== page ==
Make sure to check your grocery bill, otherwise you may pay more: survey
A majority of Canadians have seen a mistake on their grocery receipts in the last year, according to a new survey conducted by Agri-Food Analytics Lab at Dalhousie University.
The survey released this week, found 67 per cent of Canadians have seen a mistake on their grocery bill at least once in the last year.
When it comes to when people check their receipts, 67 per cent of Canadians surveyed said they do it on their way out of the store, while the rest check when they get home.
According to the survey, about four per cent of 5,525 respondents never check their receipts, while about half said they always check their receipts for mistakes.
What are the common mistakes people find on their receipts, according to the survey?
- The price of the item was not the same as it was on the shelf -- 75.8 per cent
- A daily discount was not applied -- 35.3 per cent
- Cashier scanned too many items -- 31.4 per cent
- Coding was wrong -- 16.1 per cent
- Taxed on an item that should not have tax -- 9.2 per cent
- Pound to kilogram conversion was not properly done -- 7 per cent
- Other -- 9.7 per cent
Breaking down the data by region, Newfoundland and Labrador residents were more likely to find mistakes on their bills—84 per cent of respondents from that region noticed errors on their receipts last year. By comparison, 61 per cent of people from New Brunswick and Manitoba have seen mistakes on their grocery bill.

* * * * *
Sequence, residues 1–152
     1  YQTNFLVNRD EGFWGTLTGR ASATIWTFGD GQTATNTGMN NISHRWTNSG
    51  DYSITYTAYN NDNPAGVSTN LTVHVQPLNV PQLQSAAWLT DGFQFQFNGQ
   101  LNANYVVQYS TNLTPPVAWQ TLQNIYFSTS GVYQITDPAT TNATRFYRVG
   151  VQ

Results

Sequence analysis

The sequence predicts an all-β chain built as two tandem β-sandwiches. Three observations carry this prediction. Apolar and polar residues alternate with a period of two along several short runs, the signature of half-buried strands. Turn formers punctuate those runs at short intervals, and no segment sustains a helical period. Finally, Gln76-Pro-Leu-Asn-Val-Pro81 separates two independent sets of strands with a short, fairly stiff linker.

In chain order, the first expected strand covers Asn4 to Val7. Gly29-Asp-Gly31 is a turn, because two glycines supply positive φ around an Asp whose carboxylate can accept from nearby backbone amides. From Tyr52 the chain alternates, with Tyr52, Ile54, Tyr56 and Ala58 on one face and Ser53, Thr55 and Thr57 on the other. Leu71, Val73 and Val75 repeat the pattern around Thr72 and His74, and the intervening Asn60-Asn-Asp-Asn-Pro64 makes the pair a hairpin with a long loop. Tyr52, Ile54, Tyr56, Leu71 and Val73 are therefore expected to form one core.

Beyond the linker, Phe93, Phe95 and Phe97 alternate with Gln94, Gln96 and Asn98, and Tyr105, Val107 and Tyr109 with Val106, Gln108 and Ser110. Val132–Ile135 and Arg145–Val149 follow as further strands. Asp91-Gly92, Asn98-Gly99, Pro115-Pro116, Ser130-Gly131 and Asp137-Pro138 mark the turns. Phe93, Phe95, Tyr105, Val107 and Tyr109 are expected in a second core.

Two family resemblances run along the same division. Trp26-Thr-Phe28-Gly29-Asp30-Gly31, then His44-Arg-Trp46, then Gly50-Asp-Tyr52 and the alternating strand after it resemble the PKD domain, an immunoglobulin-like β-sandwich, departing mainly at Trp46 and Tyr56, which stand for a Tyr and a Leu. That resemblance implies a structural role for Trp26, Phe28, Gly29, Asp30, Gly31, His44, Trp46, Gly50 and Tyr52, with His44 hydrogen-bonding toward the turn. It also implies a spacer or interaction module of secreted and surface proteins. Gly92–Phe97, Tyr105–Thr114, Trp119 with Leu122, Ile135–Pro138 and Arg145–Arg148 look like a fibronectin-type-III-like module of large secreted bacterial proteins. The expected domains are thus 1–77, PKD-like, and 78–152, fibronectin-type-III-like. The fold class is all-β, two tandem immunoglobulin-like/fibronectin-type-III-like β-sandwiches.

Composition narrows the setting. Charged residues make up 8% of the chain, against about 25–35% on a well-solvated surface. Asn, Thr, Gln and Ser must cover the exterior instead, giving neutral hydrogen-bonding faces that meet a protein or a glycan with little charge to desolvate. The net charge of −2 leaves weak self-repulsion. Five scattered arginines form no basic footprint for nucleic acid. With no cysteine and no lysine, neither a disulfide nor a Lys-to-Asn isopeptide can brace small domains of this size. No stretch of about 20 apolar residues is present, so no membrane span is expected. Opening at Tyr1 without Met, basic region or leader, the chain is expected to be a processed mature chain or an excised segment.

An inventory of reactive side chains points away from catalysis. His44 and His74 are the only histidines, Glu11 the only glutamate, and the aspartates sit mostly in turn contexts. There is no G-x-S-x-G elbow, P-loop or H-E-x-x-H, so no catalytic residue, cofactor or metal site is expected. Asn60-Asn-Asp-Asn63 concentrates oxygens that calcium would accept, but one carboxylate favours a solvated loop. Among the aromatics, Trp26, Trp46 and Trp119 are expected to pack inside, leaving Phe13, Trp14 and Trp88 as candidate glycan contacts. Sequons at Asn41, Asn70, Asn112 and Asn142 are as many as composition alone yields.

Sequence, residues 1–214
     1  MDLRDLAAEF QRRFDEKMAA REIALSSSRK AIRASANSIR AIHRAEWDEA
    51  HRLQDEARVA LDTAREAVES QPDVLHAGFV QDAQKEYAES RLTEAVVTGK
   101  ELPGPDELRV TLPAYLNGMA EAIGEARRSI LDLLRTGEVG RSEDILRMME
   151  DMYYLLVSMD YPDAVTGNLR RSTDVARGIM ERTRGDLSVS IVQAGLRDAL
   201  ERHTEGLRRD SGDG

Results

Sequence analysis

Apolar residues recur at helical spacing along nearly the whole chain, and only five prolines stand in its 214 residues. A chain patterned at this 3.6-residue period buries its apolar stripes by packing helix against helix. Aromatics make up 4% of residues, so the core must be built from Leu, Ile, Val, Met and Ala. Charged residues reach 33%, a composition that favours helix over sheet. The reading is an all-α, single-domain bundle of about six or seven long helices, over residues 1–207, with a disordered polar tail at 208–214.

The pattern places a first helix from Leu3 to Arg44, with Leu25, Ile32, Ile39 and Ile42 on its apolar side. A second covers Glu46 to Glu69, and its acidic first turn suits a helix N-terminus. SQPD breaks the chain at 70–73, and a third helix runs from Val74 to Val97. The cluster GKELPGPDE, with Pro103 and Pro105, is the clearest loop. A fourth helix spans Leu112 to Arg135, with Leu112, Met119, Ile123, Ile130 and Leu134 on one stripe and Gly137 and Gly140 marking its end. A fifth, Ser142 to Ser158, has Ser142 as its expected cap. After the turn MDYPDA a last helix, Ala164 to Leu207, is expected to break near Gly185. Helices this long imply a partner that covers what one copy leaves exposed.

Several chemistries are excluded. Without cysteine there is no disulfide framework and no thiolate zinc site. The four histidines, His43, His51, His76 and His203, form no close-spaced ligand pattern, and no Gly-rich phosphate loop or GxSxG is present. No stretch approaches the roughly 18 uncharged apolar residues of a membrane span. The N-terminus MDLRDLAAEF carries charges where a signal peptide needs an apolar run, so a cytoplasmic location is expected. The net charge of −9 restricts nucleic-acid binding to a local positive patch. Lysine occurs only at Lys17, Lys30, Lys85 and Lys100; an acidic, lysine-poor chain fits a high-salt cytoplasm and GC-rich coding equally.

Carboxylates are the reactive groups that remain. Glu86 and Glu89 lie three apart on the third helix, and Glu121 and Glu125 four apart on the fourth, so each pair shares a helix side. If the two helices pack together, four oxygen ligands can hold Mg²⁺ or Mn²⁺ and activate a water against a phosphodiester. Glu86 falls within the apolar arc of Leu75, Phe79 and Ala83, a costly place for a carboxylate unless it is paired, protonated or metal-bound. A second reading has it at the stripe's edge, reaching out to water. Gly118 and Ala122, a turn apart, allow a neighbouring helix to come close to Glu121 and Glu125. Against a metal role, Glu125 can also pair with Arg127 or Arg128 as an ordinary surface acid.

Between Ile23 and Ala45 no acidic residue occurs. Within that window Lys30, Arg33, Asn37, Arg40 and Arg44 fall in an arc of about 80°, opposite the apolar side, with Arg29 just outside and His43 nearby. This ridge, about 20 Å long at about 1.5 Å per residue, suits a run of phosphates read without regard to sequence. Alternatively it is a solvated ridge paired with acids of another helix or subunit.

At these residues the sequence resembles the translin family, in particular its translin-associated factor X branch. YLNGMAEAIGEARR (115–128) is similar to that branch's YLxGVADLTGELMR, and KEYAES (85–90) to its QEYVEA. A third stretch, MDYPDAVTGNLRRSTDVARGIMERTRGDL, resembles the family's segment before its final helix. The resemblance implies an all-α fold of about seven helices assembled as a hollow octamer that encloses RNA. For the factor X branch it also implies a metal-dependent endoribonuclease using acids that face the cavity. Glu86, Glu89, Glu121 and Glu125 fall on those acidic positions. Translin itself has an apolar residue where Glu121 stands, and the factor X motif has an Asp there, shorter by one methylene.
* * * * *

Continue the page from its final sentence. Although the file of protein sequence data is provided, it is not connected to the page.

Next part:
Most consumers (84 per cent) complained after noticing a mistake on their bill. Of those who did not complain, about 40 per cent said they felt it was not worth the money.
In addition, more than two-thirds of consumers purchased a damaged product and noticed it when they got home.
More than half of those who purchased a damaged product returned it to the store, while over 33 per cent threw out the product.
“This report provides us with an interesting glimpse of how consumers and grocers react to issues and problems, while food prices are increasing at record levels,” director of the Agri-Food Analytics Lab Dr. Sylvain Charlebois said in a news release. “Despite concerns about food prices, it is clear most Canadians are pleased with how complaints and problems are addressed by grocers. Consumers need all the help they can get.”
The survey also found a total of 70 per cent of consumers purchased at least one recalled product, of that group, 57 per cent returned the products with receipt while 40 per cent returned without receipt. However, in about three per cent of cases the grocer refused to take the product back.
More than 87 per cent of consumers said they are satisfied with how grocers treated their complaints or errors on bills.
Additionally, more than 20 per cent of those who were involved in the survey said they’ve saved at least $50 a year after reporting mistakes.
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